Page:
The process for buying a for sale by owner property and one that is listed through a real estate brokerage are the same.
You’ll want to go over the same process when you buy a FSBO that you do when you purchase any other property, but there are a few specific issues that you’ll need to consider when you find a property for sale by owner that you’re interested in buying.
Here’s what you should keep in mind:
- Overpaying for a FSBO is common.
This is the common problem that new home buyers face after purchasing a for sale by owner property. You can always look at a home and compare it to other properties in the area to determine a cost that you’d be willing to pay.
The problem with for sale by owner properties is that the neighborhood changes that happen have a direct impact on the price that aren’t apparent during the buying process.
The owner doesn’t have to share all of the information they know about the area that could have a direct impact on the value of their property, which could end up hurting you.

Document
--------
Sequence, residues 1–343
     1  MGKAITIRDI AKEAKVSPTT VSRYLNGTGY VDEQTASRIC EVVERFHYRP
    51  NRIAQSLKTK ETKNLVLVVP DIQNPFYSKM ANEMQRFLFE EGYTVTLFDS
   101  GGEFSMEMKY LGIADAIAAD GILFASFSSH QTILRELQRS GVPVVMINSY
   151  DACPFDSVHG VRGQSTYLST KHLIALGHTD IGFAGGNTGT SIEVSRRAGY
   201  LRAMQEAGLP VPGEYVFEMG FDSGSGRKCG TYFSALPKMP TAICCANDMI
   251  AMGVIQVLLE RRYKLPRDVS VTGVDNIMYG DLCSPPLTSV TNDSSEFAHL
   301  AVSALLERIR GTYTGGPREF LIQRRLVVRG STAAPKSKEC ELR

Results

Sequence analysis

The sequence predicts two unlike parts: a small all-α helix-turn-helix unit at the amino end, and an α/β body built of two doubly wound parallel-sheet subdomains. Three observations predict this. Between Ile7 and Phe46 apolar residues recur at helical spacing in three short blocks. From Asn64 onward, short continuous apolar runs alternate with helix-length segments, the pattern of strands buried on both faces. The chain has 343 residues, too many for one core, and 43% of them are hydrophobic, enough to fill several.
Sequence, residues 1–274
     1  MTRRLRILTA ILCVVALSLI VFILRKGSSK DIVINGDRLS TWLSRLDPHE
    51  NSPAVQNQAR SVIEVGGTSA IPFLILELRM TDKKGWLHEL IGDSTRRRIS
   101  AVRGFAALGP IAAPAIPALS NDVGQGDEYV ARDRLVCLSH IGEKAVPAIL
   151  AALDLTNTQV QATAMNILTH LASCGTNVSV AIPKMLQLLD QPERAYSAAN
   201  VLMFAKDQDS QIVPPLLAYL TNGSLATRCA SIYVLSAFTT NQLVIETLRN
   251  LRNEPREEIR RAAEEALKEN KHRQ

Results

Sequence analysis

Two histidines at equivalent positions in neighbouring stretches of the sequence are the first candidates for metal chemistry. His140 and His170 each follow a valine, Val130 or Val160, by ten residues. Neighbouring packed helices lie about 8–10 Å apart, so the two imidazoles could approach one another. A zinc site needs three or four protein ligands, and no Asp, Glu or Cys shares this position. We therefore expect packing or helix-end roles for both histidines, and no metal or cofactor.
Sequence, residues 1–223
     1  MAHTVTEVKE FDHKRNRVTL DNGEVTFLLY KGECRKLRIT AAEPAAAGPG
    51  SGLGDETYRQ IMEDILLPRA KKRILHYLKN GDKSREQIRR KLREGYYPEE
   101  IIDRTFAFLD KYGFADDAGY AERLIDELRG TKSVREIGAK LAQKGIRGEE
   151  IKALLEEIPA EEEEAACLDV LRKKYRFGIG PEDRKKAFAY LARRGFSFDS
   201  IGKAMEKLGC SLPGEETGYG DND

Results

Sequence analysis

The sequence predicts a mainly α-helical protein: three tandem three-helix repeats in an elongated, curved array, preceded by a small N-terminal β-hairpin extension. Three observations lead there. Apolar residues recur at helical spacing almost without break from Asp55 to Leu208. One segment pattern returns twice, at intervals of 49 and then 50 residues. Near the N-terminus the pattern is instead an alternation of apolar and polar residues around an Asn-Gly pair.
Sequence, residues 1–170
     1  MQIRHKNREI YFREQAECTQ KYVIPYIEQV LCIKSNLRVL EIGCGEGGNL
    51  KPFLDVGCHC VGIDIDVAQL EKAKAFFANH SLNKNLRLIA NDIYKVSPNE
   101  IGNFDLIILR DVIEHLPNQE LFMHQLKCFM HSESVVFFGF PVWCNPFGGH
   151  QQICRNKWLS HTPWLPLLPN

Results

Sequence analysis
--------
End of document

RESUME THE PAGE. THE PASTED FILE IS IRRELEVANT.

- The seller is less likely to reduce the sales price.
Sellers that go through a real estate transaction with a broker usually reduce the amount that you pay for the property because of broker’s fees.
Properties that the owner sells him or herself might not be willing to accept a lower offer because of the amount of money they’re saving by selling it themselves, so you’ll have to come up with additional sales data in order to negotiate the sales price.
- Some for sale by owner properties come with problems.
Many for sale by owner properties are priced based on what the owners want.